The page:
Jul 13, 2020

Palantir: the rise of the data and analytics unicorn

Data
Big Data
Analytics
government
William Smith
2 min
Palantir Technologies, the Silicon Valley data unicorn, has risen steadily since its 2004 foundation
Palantir Technologies, the Silicon Valley data unicorn, has risen steadily since its 2004 foundation...

Palantir Technologies, the Silicon Valley data unicorn, has risen steadily since its 2004 foundation.

With its name inspired by the seeing stones from Lord of the Rings, the company projects a certain aura, describing its mission as being the augmentation rather than the replacement of human intelligence

Palantir’s primary offerings are its Gotham and Foundry platforms, which are able to demonstrate the linkages between and provenance of data points, as well as track changes over time via the concept of versioning. Describing what it does as ‘data-logic’, the digital transformation of data it provides has applications in fields as diverse as law enforcement, insurance, manufacturing and defence. Customers include the likes of Airbus, BP and the US Army.

The company has, to date, raised $2.6bn across 26 funding rounds, firmly establishing it as a tech unicorn. Recently, alongside its Japanese subsidiary, it joined with Fujitsu on a technology partnership. Said Koichi Narasaki, CEO of the company: “Our role of promoting digital transformation through Palantir software platforms has become even greater through the global COVID-19 pandemic, and it is with pleasure that we welcome Fujitsu as our Flagship Technology Partner in this critical time. Palantir Japan aims to promote our cutting-edge technology by cooperating with partners like Fujitsu to accelerate digital transformation for the most important institutions and in Japanese society as a whole.”

Perhaps curiously for a data company, and considering the company it keeps, Palantir also claims to be dedicated to privacy and civil liberties. That’s certainly an interest of Chairman and co-founder Peter Thiel, who made his fortune as a co-founder of PayPal. One of libertarian Thiel’s initiatives involves offering young people $100,000 to drop out of university.

Recently, the private firm signalled its intentions to go public with an IPO, though further details were not forthcoming. 

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Jun 16, 2021

SAS: Improving the British Army’s decision making with data

British Army
SAS
3 min
Roderick Crawford, VP and Country GM, explains the important role that SAS is playing in the British Army’s digital transformation

SAS’ long-standing relationship with the British Army is built on mutual respect and grounded by a reciprocal understanding of each others’ capabilities, strengths, and weaknesses. Roderick Crawford, VP and Country GM for SAS UKI, states that the company’s thorough grasp of the defence sector makes it an ideal partner for the Army as it undergoes its own digital transformation.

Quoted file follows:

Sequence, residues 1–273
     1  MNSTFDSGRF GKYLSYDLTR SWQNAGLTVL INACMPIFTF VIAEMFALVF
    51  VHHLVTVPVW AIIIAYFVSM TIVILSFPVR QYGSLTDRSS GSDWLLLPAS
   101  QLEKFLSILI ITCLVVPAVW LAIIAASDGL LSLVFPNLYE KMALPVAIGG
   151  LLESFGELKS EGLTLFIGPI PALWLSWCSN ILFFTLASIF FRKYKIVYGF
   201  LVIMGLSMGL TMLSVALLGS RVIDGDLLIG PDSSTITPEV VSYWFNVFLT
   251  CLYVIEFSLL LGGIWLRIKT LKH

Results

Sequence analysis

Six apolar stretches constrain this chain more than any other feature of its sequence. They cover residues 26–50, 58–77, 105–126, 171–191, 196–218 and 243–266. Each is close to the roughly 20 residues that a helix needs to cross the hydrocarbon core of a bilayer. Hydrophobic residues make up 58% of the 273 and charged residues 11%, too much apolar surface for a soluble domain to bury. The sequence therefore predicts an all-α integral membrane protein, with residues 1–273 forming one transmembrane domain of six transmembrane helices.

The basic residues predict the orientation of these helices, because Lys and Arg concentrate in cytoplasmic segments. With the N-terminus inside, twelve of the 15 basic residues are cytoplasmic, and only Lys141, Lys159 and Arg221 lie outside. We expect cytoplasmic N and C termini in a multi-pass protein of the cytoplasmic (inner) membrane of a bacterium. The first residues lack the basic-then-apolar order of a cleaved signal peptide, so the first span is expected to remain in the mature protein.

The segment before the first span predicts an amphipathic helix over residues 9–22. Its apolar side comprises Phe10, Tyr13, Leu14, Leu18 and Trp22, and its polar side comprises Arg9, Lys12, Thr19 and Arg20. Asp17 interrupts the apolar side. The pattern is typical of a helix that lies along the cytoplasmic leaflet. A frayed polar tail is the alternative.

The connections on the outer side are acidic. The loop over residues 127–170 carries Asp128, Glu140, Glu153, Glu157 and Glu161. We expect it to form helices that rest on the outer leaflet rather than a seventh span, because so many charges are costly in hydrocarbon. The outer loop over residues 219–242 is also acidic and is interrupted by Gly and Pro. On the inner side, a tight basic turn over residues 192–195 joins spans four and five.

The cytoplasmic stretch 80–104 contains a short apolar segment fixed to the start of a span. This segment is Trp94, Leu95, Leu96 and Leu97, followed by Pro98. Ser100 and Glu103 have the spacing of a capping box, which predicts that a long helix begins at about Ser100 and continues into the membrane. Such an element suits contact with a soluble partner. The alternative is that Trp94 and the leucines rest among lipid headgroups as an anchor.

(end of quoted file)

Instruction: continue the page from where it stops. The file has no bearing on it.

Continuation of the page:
“Major General Jon Cole told us that he wanted to enable better, faster decision-making in order to improve operational efficiency,” he explains. Therefore, SAS’ task was to help the British Army realise the “significant potential” of data through the use of artificial intelligence (AI) to automate tasks and conduct complex analysis.

In 2020, the Army invested in the SAS ‘Viya platform’ as an overture to embarking on its new digital roadmap. The goal was to deliver a new way of working that enabled agility, flexibility, faster deployment, and reduced risk and cost: “SAS put a commercial framework in place to free the Army of limits in terms of their access to our tech capabilities.”

Doing so was important not just in terms of facilitating faster innovation but also, in Crawford’s words, to “connect the unconnected.” This means structuring data in a simultaneously secure and accessible manner for all skill levels, from analysts to data engineers and military commanders. The result is that analytics and decision-making that drives innovation and increases collaboration.

Crawford also highlights the importance of the SAS platform’s open nature, “General Cole was very clear that the Army wanted a way to work with other data and analytics tools such as Python. We allow them to do that, but with improved governance and faster delivery capabilities.”

SAS realises that collaboration is at the heart of a strong partnership and has been closely developing a long-term roadmap with the Army. “Although we're separate organisations, we come together to work effectively as one,” says Crawford. “Companies usually find it very easy to partner with SAS because we're a very open, honest, and people-based business by nature.”

With digital technology itself changing with great regularity, it’s safe to imagine that SAS’ own relationship with the Army will become even closer and more diverse. As SAS assists it in enhancing its operational readiness and providing its commanders with a secure view of key data points, Crawford is certain that the company will have a continually valuable role to play.

“As warfare moves into what we might call ‘the grey-zone’, the need to understand, decide, and act on complex information streams and diverse sources has never been more important. AI, computer vision and natural language processing are technologies that we hope to exploit over the next three to five years in conjunction with the Army.”

Fundamentally, data analytics is a tool for gaining valuable insights and expediting the delivery of outcomes. The goal of the two parties’ partnership, concludes Crawford, will be to reach the point where both access to data and decision-making can be performed qualitatively and in real-time.

“SAS is absolutely delighted to have this relationship with the British Army, and across the MOD. It’s a great privilege to be part of the armed forces covenant.”

 

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